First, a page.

The San Diego Comic-Con Panel for J.J. Abrams Fringe had in attendance J.J. Abrams, executive producers Alex Kurtzman, Roberto Orici, Jeff Pinkner, and Bryan Burk. Actors Joshua Jackson, Anna Torv, and John Noble were also in attendance.
Things we took away from the panel:
They pointed out that unlike some other shows (*cough* Smallville *cough*) that might have rules like “No flights, no tights,” Fringe has no rules.
Joshua Jackson said the script for the pilot read like a movie script and this script is what pulled him back into TV.
Pinkner wanted to make sure we knew that the writers they’ve hired, are the best of their genre, regardless of whatever genre they’re from.
Someone asked if they (Abrams and the the other execs) were the ones that leaked the pilot onto the internet. They wanted to assure us that they did not do that, but were quick to include facts like there were scenes missing, had no music, etc. (I’m a little suspicious on this, but I’m like that… so take it for what that is.)
Of course then Orci tosses out there that it is possible Abrams leaked the movie.
John Noble spent what felt like an inordinate amount of time explaining the complexity of his character. From being a father, a nutcase and a scientist.
Fringe, in their minds, has an overall story with an endgame.
They’re coming out with Fringe comic books to help further fill out character backgrounds.
Each episode will have clues for the next episode, so we need to pay attention.
One brave soul asked Abrams if he intends to put in sufficient time to get the show rolling, then leave it for his next project like he does in his past projects. Abrams says he’s got a type of ADD that happens while he’s working on something. He gets ideas for something else while working on a project and goes off on a development binge but he quickly followed that up by saying he’s thoroughly committed to Fringe. (We’ll see.)
They made a hint at yet another mystery to draw us into the show by pointing out that we’ll be seeing glyphs between acts that are either clues, or just glyphs. I didn’t quite get what they were getting at and that’s my fault… the room was spinning from having camped in it for 6 hours through a lot of other panels. Or maybe I didn’t miss anything!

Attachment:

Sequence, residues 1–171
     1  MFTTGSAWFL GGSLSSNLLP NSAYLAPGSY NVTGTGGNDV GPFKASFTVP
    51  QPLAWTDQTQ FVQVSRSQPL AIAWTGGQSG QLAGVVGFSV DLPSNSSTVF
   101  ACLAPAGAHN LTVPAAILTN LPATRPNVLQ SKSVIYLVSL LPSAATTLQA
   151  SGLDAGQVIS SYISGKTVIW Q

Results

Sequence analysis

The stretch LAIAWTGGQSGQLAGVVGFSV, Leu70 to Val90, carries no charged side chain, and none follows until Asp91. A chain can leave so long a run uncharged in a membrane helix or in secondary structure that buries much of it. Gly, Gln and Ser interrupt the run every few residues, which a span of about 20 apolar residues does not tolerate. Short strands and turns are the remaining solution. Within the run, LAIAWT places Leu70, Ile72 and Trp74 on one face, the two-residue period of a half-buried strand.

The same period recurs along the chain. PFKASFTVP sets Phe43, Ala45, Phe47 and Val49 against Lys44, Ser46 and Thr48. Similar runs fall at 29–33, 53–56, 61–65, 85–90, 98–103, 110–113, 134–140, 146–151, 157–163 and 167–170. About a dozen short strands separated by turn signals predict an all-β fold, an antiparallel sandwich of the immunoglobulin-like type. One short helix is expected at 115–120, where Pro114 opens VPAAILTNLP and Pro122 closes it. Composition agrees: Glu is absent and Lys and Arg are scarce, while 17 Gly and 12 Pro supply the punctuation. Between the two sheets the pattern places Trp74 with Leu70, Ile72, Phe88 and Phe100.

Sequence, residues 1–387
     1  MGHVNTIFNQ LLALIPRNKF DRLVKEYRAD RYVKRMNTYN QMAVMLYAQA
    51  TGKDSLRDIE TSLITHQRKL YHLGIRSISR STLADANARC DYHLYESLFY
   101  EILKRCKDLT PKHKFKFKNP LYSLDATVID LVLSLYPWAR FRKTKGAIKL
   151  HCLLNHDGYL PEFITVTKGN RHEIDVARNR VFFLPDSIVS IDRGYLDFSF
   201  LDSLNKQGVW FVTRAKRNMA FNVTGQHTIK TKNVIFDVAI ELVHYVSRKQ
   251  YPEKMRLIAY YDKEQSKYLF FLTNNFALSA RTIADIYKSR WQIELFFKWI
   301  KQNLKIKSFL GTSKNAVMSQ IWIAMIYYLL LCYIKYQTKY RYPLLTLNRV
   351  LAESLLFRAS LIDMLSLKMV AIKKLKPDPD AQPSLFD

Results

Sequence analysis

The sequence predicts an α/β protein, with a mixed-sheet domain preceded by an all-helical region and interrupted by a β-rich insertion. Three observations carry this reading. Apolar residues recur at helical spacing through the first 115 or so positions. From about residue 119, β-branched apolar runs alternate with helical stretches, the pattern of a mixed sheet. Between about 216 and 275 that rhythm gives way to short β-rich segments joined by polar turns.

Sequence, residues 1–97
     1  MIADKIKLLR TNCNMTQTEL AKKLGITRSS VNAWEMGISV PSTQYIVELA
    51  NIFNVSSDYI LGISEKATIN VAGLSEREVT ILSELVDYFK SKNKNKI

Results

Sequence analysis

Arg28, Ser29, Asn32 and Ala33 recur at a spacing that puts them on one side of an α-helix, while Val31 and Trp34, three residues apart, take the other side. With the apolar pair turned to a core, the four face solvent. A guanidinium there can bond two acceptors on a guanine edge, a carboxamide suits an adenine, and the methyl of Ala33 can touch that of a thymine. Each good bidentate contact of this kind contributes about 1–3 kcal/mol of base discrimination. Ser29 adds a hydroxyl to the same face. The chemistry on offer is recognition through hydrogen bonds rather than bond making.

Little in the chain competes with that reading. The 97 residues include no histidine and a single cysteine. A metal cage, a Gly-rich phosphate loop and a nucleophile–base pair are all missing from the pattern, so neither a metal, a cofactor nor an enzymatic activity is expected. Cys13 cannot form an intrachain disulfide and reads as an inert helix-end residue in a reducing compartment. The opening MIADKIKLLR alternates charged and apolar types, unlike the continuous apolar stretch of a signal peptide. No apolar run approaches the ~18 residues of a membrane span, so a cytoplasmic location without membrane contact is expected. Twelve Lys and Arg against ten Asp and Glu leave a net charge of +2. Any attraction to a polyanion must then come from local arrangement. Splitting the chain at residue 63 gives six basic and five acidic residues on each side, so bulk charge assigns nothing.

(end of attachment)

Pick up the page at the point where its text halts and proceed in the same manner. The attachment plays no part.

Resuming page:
Interesting tidbit: Did you know that in Cloverfield, there were clues to the ABC TV series Lost? I missed them, and I haven’t read reviews of the movie anywhere, but apparently there are references to the Dharma Initiative. Great… more Lost stuff to wrap my head around… or try.
I have a couple of observations for this Fringe panel:
They arranged this panel in what I believe to be the second largest sized conference room, but they barely filled it to maybe half capacity and there was no real line to speak of to get in.
It felt like this was put together at the last minute.
The moderator came out, and was then called back behind the curtain. A girl then came out and introduced the moderator.
The panel members had no clue where they were supposed to sit.
The preview started, then stopped from lack of sound. Restarted, then seemed to end in the middle of a scene – I’m not sure what that was about.
But in my opinion what I think is the more important statistical warning is that people were leaving during the panel. It was a trickle of ones and twos, but no one seemed to be buying what they were chatting about, or they had somewhere else to be. Regardless, if this were a thermometer for gauging audience anticipation, they need to take note, quit spending money on all the viral stuff – and spend it on the story.
I don’t have a strong opinion either way, but I was looking forward to the panel and came away rather disappointed. I just thought I’d point out some of these viral-flattening observations.
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